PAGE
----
NO SUSPENSION FOR KACZUR
Posted by Mike Florio on December 19, 2008, 11:49 a.m. EST
In light of the three-game suspension recently imposed on Jags receiver Matt Jones arising from charges of felony cocaine possession, several readers have asked us whether Patriots offensive lineman Nick Kazcur is facing a suspension after being arrested earlier this year for possession of OxyContin.
Said NFL spokesman Greg Aiello of Kaczur: “The matter was resolved internally and the status of any player in the substance abuse or conduct programs is confidential.”
In other words, there will be no suspension.
The key is that Kaczur’s criminal matter was resolved without any finding of a ”violation of the law related to substances of abuse other than alcohol.” If he had been convicted, pleaded guilty or no contest, or entered a diversion program (as Jones did), Kaczur most likely would have been slapped with a suspension.
Instead, Kaczur pleaded guilty to speeding, after helping bust the guy who had sold him the OxyContin. (The seller, Danial Ekasala, pleaded guilty and was senteced last week to 42 months, and the judge said the sentence would have been stiffer if Ekasala hadn’t tried to get Kaczur to stop taking the drug.)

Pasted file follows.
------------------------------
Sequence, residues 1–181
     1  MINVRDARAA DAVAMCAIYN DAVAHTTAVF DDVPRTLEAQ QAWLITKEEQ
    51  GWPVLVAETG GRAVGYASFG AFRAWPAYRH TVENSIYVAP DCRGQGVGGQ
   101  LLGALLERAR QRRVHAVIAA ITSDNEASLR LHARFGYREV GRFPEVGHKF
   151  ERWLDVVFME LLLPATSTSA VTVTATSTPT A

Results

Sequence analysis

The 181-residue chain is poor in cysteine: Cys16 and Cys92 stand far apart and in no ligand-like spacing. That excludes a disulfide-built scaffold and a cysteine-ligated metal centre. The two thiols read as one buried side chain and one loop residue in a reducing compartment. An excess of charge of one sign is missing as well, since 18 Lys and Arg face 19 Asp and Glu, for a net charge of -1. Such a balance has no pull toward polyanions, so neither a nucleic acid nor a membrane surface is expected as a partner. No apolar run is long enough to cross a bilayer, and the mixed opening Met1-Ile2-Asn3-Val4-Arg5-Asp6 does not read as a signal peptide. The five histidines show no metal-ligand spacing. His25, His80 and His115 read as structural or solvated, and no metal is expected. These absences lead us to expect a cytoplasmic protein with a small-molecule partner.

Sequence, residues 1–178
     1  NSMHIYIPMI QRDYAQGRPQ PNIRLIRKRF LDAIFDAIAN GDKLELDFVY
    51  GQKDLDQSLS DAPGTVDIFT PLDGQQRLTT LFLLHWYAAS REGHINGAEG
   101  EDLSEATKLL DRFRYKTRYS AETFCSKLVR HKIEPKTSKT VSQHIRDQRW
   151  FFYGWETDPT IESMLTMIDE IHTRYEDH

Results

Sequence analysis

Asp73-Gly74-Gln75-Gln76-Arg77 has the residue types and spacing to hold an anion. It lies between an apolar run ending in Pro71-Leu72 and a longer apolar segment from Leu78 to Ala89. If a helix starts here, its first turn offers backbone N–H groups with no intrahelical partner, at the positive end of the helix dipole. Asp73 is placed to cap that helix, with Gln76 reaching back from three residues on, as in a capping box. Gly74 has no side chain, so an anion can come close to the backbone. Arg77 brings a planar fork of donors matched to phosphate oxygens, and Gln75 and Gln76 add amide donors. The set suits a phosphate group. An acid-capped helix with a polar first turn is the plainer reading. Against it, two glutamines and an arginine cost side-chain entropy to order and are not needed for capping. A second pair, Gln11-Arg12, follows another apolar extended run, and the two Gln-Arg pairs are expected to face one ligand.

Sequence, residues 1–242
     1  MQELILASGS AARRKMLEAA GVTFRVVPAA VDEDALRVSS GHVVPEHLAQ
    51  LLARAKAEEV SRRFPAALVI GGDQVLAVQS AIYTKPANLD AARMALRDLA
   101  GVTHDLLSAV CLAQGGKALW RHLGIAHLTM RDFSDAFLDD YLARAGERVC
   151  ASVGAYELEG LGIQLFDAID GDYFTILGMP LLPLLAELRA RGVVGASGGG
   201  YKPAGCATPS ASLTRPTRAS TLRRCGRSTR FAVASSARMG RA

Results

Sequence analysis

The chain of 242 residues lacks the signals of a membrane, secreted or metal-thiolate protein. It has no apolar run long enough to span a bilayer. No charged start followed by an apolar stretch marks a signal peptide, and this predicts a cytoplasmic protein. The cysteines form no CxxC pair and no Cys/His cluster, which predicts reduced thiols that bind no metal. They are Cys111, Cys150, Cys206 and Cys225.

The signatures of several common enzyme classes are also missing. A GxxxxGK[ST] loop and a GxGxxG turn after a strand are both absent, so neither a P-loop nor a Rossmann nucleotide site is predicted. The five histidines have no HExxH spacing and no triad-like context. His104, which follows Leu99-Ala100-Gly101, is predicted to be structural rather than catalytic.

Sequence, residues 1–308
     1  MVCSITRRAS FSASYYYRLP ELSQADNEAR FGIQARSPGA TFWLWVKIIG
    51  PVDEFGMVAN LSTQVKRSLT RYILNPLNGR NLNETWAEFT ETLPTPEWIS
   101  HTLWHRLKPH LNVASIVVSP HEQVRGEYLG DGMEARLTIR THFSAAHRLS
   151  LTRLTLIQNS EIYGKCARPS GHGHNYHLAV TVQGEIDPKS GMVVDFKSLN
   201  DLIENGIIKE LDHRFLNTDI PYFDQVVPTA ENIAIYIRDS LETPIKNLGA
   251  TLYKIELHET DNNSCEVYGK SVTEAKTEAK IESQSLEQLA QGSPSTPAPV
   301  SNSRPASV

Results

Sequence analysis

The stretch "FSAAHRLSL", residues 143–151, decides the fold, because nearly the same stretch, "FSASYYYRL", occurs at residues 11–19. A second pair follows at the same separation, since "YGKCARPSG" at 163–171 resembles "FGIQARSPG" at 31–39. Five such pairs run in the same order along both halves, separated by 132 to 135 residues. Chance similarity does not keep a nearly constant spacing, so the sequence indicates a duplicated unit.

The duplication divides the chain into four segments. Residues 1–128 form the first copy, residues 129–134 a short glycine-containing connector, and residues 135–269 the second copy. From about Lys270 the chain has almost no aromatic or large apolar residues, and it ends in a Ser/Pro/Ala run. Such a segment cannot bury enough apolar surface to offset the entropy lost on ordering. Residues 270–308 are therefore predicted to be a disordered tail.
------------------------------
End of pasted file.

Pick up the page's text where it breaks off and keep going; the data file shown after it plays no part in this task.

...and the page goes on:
That said, Kaczur’s conduct likely has landed him in the substance abuse program, and will require him to engage in extensive drug testing. It’s also possible that he already was at a low level of the program and that this incident bumped him up a notch; ideally, nothing about a player’s status in the program is disclosed until a suspension is imposed and all internal appeals have been exhausted.
Still, there’s something about this that doesn’t sit well with us. What Kaczur did is not much different that what Jones did. The only difference is that Kaczur snitched on his supplier and so the drug charge disappeared.
In our view, then, the league needs to tie its penalties under the substance abuse policy to factors that don’t rely on the exercise of prosecutorial discretion. Doing so can, as we’ve seen in the cases of Kaczur and Jones, lead to inequitable results.